Beware of rising rental rates
By Murray PollokMay 23, 2022
Supply chain issues and inflation are taking a bite out of many industries and certainly challenging Americans’ budgets, but one market that’s experiencing decisive growth in the face of these challenges is rental. The byproduct, however, is higher rental rates for contractors.
The American Rental Association has again upgraded its growth forecast for the U.S. rental market and is now expecting an 11.1% increase this year, with growth in 2023 still at the very healthy level of 6%.
The new forecasts are significantly higher than those issued by ARA in October last year, when the forecast was 9.9% growth in 2022 and 5.5% in 2023.
ARA attributed the increase to inflationary pressures and rising rental prices, alongside stable underlying demand.
The forecasts mean that U.S. equipment rental is projected to reach almost $56 billion in 2022. That compares to the pre-pandemic peak in 2019 of $51 billion.
Construction equipment rental is leading the way, with 13% growth this year to $41.7 billion following a 10.2% increase in 2021. General tool in 2022 is expected to grow 7% to reach $14.1 billion.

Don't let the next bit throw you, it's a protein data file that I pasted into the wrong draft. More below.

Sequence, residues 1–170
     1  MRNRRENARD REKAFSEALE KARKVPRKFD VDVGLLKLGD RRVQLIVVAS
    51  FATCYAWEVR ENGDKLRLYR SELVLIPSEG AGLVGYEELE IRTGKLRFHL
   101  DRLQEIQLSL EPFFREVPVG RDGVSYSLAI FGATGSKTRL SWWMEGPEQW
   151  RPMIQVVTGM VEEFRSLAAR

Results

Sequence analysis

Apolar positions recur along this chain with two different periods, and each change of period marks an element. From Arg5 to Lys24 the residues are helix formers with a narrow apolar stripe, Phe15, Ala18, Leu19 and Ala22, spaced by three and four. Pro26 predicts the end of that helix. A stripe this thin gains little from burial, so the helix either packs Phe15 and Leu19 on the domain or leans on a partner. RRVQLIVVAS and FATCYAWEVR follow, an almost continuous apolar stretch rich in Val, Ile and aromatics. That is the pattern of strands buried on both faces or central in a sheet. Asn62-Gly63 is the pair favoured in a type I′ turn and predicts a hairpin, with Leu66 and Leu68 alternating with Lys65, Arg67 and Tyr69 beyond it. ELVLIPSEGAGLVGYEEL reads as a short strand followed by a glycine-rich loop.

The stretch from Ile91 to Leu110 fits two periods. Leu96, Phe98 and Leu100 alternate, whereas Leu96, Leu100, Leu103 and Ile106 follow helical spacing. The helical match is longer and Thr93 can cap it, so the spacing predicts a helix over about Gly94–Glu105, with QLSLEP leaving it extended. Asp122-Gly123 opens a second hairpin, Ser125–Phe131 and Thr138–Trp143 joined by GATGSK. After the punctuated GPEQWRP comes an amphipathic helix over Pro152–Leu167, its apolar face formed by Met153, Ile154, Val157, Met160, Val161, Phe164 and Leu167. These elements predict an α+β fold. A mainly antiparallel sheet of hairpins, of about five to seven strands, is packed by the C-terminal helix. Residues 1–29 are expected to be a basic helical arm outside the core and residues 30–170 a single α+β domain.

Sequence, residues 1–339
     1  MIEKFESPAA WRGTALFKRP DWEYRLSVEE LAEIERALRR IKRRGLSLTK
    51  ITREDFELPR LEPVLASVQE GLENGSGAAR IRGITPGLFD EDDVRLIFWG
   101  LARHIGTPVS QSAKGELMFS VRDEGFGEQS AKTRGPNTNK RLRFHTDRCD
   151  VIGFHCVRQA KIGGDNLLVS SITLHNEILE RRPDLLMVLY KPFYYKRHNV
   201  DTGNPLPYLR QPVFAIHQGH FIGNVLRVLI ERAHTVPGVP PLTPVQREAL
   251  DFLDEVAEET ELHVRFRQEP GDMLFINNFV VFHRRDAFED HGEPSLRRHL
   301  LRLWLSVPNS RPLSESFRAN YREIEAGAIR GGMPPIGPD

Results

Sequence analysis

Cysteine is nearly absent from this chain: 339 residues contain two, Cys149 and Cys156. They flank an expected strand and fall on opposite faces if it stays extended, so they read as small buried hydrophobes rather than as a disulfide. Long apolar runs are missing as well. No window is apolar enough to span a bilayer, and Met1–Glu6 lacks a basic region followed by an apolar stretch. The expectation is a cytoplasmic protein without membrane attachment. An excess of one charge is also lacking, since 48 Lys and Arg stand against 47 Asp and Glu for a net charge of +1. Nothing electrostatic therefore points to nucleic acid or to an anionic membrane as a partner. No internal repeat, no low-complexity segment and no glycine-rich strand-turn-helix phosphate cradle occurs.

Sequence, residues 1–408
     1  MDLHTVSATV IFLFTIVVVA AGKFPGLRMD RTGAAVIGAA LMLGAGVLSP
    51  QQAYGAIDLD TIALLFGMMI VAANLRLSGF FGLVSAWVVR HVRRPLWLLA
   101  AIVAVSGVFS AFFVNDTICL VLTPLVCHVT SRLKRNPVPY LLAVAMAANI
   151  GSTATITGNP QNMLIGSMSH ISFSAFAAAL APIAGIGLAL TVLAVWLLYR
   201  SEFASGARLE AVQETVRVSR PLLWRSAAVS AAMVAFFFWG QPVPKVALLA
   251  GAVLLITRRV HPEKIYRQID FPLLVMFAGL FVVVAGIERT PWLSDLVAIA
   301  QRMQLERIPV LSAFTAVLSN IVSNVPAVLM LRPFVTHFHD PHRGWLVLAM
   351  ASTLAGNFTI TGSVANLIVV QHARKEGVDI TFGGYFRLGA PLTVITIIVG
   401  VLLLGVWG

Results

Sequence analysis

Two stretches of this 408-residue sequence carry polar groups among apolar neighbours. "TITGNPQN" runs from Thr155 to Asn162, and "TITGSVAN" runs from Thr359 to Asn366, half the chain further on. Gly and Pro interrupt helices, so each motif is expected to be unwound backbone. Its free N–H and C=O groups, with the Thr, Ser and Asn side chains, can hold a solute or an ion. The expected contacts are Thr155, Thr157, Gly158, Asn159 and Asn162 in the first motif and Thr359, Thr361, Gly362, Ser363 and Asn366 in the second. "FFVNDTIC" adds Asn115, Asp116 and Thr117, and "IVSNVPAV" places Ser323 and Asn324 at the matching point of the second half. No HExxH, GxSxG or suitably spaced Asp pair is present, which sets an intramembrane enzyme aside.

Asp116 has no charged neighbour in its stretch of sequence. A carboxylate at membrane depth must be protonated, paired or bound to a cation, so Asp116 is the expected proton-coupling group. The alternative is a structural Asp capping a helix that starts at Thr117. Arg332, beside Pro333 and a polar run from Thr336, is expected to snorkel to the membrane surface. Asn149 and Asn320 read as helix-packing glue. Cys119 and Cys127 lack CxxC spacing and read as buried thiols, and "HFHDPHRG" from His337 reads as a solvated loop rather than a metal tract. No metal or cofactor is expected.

The forecast for Canada is similarly positive, with 9.6% growth in 2022 to $4.5 billion followed by 6.4% in 2023.
“One thing we know is that rental revenues grow when the fleet expands or when rates increase,” said John McClelland, Ph.D., ARA vice president for government affairs and chief economist.
“In reality, both things are happening today. However, supply chain issues are inhibiting fleet growth while inflation is pushing rates higher. In the past we saw a lot of revenue growth that we attributed to fleet growth. Now we are seeing revenue growth that is being driven by higher rates.”
Scott Hazelton, director, S&P Global Market Intelligence (formerly IHS Markit), said inflation and rental rates took off more than expected in the second half of 2021.
“The strong, double-digit growth outlook for 2022 is a function of stable underlying demand compounded by inflationary pressures that will allow, indeed require, rate increases,” said Hazelton.
“The underlying construction market will be relatively soft with both residential and non-residential structural spending under pressure, although we will begin to see the nascent impact of the Infrastructure Investment and Jobs Act.
“However, we don’t expect any retrenchment in construction, while the manufacturing, and especially energy, sectors will offer improvement.”